Under moonlight last night the crust of snow on the grass glittered the way water does in a sheltered cove--just the faintest shiver of motion. Yet really there was no movement, no change, no shiver. I wonder why eyes are so prone to invention.
Now, in these moments before sunrise, the world has gone dark, and the temperature has fallen to ten degrees. In the little house a red blur flickers against the window of the woodstove. Two clocks tick out of rhythm.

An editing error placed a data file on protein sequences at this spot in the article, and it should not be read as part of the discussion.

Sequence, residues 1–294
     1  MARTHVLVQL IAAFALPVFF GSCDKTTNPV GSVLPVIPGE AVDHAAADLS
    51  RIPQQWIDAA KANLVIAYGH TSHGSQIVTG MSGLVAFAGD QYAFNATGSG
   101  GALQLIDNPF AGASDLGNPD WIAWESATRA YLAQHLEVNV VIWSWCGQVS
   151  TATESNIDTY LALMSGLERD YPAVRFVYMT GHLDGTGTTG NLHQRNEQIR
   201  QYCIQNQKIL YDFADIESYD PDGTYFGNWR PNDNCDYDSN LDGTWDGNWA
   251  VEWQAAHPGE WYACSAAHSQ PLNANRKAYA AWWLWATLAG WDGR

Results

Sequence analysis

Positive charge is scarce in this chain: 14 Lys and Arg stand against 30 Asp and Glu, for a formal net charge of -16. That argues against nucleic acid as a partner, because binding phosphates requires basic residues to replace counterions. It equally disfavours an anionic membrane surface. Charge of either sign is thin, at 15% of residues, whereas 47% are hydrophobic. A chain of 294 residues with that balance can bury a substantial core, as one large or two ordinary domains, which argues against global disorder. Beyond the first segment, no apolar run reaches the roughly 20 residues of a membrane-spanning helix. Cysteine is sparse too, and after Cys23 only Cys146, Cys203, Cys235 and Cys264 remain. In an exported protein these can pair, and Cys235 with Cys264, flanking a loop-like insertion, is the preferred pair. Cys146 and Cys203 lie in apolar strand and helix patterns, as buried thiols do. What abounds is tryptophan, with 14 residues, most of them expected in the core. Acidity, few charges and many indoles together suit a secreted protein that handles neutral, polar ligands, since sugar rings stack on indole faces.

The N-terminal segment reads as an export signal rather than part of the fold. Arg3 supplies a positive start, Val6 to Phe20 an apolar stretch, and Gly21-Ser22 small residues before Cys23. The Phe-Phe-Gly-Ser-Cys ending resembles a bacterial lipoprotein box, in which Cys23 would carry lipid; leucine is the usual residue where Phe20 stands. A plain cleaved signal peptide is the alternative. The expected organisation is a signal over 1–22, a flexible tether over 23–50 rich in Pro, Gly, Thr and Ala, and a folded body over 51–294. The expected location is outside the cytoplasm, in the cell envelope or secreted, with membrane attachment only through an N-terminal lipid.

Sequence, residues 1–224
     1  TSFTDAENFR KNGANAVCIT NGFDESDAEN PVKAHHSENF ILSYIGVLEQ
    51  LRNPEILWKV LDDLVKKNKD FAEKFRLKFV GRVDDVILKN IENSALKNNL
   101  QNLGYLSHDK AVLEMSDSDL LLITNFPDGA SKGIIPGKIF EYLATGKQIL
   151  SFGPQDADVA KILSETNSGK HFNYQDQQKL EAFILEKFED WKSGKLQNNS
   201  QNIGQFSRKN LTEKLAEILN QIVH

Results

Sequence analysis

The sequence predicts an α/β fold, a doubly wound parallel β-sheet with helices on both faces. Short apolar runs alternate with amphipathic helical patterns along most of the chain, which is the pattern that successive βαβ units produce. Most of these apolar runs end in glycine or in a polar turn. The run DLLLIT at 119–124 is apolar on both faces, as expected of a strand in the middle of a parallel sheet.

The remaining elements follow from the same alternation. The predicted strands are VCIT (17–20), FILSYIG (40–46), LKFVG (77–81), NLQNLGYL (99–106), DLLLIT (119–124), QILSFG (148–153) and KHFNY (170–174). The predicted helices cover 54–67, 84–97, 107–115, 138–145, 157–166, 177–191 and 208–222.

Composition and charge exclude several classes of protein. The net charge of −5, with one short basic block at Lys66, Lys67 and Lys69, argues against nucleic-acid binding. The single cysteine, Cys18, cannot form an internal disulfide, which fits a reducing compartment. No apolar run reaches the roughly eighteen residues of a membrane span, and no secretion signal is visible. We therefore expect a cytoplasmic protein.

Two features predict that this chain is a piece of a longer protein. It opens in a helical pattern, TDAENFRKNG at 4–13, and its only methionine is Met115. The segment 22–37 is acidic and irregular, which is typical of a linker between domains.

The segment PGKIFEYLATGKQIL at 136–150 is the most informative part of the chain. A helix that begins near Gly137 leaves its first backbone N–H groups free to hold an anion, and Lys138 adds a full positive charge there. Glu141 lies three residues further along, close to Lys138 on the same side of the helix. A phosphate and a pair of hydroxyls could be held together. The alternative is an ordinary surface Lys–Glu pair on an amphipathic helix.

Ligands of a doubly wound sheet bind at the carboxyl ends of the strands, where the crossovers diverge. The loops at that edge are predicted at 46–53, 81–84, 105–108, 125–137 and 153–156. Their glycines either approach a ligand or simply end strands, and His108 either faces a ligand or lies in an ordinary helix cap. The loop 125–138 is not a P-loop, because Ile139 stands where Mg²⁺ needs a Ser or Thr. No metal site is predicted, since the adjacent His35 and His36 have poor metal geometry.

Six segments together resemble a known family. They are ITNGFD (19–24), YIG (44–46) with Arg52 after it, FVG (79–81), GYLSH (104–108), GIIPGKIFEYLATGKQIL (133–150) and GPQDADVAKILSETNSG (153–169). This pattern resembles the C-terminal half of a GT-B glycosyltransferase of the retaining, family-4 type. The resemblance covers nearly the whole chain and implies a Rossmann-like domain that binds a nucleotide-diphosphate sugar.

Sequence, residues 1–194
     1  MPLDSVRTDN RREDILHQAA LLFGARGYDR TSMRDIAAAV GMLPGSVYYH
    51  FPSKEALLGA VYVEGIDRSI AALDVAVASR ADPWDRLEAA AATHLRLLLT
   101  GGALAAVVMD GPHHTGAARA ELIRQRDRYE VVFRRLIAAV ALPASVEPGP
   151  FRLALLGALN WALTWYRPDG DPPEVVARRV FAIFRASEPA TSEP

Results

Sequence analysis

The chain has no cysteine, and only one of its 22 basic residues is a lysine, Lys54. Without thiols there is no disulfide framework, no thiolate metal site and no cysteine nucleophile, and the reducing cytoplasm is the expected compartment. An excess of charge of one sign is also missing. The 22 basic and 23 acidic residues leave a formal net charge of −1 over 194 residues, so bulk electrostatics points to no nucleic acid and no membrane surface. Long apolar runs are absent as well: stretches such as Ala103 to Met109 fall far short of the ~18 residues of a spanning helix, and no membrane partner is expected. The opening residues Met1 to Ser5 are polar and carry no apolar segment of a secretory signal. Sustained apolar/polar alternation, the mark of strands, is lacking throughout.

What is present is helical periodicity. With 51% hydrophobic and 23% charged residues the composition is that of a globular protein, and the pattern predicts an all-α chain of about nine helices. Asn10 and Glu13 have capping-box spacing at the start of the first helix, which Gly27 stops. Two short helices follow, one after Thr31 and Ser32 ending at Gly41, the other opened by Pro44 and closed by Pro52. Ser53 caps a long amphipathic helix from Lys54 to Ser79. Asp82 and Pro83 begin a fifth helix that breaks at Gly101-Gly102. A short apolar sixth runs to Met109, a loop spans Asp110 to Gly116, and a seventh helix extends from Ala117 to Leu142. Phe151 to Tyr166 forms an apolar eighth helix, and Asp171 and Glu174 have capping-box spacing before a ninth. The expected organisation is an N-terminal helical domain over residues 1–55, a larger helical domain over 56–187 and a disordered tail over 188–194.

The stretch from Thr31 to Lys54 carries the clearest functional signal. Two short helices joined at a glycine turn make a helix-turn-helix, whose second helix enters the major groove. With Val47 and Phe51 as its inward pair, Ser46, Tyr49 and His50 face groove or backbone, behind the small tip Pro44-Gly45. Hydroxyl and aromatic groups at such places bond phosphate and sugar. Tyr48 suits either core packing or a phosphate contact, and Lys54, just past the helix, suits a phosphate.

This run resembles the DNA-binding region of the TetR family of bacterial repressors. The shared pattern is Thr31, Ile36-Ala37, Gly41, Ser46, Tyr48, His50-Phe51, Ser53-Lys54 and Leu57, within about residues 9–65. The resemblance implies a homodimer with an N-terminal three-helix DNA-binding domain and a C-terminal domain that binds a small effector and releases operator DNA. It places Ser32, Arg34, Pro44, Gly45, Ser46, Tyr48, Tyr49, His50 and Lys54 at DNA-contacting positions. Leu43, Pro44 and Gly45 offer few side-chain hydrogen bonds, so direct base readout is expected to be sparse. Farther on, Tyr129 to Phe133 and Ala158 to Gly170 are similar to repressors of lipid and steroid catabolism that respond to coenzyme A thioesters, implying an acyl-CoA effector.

The house is so quiet now, but later today it will overflow with noise and bustle--my parents, my sister and her husband, my young nephews, my smiling college boy and his friend, my giant high school boy, the happy old dog, the shocked young cat. I will cook and Tom will play records. Dark will close in on us again, and I will forget to look at the moon.